He goes on to define the underlying issue he sees at play not only in this debate but also throughout what he calls “progressive revisionism”:
namely the desire to create God in our own image, to create a functional canon within a canon, to reason from the ground-up rather than the top-down, and to require that God’s authoritative revelation first meet with our approval.
And now, a few comments in response:
First, accusing people like Brian McLaren, Rob Bell, Greg Boyd and other progressive/emergent types of creating God in their own image is at best a gross distortion. As I noted in the video, these folks are merely striving to reconcile violent images of God in the Old Testament, for example, with Christ’s clear teachings about how we are to love not only our neighbor but also our enemy. They’re not recreating God in their image; they’re seeking to reconcile violent images of God in the Old Testament with the loving, non-violent image of Christ. Furthermore, they are not importing their definition of love into Scripture or demanding that it meet their approval. Rather, they are merely seeking to make the Bible internally coherent. You might say they’re trying to do exactly the same thing as Justin; they’re just going about it in a different way. Therefore, to accuse them of ducking the authority of Scripture is simply false.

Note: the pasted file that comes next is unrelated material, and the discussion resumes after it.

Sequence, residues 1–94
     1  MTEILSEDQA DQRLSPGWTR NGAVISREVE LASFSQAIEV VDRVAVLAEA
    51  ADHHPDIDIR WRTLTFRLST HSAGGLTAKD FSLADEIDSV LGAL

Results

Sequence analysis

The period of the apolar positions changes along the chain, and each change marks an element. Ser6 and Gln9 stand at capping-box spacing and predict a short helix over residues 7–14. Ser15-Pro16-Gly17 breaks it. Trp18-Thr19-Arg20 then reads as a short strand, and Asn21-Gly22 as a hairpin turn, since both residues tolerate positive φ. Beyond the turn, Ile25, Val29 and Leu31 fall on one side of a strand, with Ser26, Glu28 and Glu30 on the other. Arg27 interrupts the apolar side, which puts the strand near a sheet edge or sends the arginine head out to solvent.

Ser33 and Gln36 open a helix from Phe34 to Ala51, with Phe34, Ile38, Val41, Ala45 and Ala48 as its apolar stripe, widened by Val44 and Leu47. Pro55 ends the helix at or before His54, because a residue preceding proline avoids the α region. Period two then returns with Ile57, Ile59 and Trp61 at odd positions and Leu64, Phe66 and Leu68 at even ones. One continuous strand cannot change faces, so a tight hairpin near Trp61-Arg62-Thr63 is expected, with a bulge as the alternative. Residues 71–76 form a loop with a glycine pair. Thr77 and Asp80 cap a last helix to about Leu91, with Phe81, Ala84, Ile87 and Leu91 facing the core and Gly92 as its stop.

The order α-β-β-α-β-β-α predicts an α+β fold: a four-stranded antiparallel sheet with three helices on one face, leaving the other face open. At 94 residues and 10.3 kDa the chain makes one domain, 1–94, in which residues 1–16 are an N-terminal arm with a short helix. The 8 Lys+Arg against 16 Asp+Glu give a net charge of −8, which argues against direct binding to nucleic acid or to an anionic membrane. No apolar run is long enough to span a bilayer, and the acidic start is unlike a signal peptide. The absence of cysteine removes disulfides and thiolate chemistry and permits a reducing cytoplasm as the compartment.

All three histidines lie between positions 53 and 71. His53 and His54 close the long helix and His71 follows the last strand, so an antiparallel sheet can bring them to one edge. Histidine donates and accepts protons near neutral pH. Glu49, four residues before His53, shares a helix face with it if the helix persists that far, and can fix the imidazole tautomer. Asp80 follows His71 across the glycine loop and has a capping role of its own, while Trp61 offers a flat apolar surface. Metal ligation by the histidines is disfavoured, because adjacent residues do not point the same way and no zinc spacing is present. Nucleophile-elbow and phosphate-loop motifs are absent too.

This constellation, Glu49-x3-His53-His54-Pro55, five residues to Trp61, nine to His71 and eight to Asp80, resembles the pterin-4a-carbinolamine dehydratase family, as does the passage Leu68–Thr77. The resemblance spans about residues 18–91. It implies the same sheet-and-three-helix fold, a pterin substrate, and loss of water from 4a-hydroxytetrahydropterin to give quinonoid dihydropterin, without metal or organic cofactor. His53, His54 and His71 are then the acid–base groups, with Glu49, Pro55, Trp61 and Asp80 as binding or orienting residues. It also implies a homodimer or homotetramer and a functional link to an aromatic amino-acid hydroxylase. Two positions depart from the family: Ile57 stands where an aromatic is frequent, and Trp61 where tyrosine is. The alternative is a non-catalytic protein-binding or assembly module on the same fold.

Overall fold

Second, Justin also accuses his opponents of failing to take into account all of the details of Scripture, of creating a “canon within a canon.” This is another false charge, but not in the way you might think. First of all, you would be hard-pressed to prove that any of these people are ignorant of or purposefully ignoring sections of Scripture they find objectionable. All of the folks I spoke to are well-versed in the Calvinist arguments–and some even were Calvinists at one point–but eventually found the arguments wanting.
Furthermore, everyone has a canon within a canon–including Justin. Everyone has what Richard Beck calls a regulating text–a Scripture passage or a theological concept that becomes the lens through which they view the rest of Scripture. Over time, this text or concept often becomes a non-negotiable, the foundation on which we (wittingly or not) build the rest of our theology. Justin attempts to frame this as a debate between those who have regulating texts (his opponents) and those who don’t (people like him). But that can’t possibly be true. Otherwise he wouldn’t be in the Reformed camp, which prioritizes a certain group of texts in the same way Arminians prioritize another group of texts. Justin even quotes one of his regulating texts, “‘I will have mercy on whom I have mercy, and I will have compassion on whom I have compassion” (Romans 9:14). What he doesn’t happen to mention is that Paul quotes this verse (Exodus 33:19) in the midst of a broader discussion about the wideness of God’s mercy. In other words, Paul is arguing against the very sort of exclusive theology Justin promotes. Ironically, Paul’s argument culminates in what has become a regulating text for many Universalists: “For God has bound everyone over to disobedience so that he may have mercy on them all” (Romans 11:32). This leaves one to wonder who is actually ignoring the details of Scripture…